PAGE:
One of the biggest obstacles to making fusion power practical — and realizing its promise of virtually limitless and relatively clean energy — has been that computer models have been unable to predict how the hot, electrically charged gas inside a fusion reactor behaves under the intense heat and pressure required to make atoms stick together.
The key to making fusion work — that is, getting atoms of a heavy form of hydrogen called deuterium to stick together to form helium, releasing a huge amount of energy in the process — is to maintain a sufficiently high temperature and pressure to enable the atoms overcome their resistance to each other.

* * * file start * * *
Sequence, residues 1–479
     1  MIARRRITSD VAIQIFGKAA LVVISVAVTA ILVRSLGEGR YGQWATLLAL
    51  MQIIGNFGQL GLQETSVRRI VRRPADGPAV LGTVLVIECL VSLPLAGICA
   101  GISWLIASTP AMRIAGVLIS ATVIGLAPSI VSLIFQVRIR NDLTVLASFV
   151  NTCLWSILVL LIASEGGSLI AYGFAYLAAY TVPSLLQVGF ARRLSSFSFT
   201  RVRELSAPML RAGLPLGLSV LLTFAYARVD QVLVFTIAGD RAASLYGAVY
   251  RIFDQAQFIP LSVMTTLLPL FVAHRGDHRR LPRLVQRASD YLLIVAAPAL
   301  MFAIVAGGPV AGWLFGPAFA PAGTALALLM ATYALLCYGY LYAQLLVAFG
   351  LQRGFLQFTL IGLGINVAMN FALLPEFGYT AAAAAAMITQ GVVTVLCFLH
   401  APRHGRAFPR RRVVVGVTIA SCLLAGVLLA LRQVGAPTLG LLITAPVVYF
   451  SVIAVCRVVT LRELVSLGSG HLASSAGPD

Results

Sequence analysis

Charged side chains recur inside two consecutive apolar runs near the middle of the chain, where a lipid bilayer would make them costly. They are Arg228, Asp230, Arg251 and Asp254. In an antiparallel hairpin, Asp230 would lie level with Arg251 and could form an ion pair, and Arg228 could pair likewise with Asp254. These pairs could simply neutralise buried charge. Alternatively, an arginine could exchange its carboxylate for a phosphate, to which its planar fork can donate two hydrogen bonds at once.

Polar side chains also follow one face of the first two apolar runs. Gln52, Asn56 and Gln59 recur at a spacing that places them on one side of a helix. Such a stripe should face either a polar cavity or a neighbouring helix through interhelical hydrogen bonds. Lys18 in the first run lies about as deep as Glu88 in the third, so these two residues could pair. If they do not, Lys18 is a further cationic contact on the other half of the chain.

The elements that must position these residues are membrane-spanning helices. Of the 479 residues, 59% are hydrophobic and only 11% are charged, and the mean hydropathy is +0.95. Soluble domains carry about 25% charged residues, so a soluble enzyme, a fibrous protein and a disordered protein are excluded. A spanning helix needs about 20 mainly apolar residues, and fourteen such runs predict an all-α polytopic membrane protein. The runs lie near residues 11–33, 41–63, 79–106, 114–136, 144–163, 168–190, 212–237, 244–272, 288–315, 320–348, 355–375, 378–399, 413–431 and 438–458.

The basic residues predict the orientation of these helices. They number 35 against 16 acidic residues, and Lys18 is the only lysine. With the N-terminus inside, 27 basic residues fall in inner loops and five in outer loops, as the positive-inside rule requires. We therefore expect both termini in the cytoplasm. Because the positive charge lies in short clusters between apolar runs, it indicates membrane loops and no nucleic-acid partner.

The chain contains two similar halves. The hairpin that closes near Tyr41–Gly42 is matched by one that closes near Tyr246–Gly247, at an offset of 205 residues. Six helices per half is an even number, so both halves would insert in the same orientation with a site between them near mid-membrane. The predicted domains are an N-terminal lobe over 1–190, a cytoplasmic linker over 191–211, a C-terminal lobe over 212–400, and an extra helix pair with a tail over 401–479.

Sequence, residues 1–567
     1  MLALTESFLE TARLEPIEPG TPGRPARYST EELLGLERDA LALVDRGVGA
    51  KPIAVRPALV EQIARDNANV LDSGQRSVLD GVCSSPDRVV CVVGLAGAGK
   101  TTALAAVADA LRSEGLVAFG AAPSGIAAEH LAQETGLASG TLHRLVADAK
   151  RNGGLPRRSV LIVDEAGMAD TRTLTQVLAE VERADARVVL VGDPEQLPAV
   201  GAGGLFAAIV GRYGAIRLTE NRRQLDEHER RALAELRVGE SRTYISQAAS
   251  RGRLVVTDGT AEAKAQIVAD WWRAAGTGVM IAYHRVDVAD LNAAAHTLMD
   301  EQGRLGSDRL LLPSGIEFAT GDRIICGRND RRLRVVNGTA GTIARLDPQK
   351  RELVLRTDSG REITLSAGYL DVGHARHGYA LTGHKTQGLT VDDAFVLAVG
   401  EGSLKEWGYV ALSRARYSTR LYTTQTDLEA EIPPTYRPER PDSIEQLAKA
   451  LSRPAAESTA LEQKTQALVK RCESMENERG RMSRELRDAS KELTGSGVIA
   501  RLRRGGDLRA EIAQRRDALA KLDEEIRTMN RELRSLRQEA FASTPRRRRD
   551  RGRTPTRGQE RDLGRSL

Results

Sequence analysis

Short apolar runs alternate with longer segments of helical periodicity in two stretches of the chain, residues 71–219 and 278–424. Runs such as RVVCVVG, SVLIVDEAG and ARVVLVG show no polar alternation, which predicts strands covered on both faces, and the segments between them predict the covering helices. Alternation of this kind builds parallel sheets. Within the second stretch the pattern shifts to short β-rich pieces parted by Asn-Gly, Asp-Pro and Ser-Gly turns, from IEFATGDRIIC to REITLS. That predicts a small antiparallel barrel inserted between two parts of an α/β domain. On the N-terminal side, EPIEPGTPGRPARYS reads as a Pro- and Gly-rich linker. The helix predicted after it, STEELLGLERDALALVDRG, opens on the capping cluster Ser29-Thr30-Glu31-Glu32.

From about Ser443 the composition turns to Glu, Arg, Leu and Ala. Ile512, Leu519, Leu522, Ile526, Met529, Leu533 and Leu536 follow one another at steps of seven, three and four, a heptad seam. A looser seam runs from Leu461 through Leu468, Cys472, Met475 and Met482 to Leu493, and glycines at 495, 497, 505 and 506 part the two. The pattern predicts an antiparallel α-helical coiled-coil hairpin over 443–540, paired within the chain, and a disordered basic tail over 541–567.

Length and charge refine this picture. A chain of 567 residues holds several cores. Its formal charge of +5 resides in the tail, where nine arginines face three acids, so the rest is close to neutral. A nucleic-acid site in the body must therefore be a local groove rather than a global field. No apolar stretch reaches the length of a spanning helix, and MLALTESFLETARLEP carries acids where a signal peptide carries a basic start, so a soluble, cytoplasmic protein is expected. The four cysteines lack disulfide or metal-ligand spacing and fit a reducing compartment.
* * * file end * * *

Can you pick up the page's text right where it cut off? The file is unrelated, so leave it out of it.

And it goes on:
Ref: Multi-scale gyrokinetic simulation of tokamak plasmas: enhanced heat loss due to cross-scale coupling of plasma turbulence. Nuclear Fusion (17 December 2015) | DOI: 10.1088/0029-5515/56/1/014004 | (PDF) Open Access
Fusion ignition, the point at which a nuclear reaction becomes self-sustaining, is one of the great hopes for a new generation of clean, cheap energy generation. But while the reactions have been seen in the cores of thermonuclear weapons, it has yet to be achieved in a controlled manner in a reactor.
Ref: Visualizing fast electron energy transport into laser-compressed high-density fast-ignition targets. Nature Physics (11 January 2016) | DOI: 10.1038/nphys3614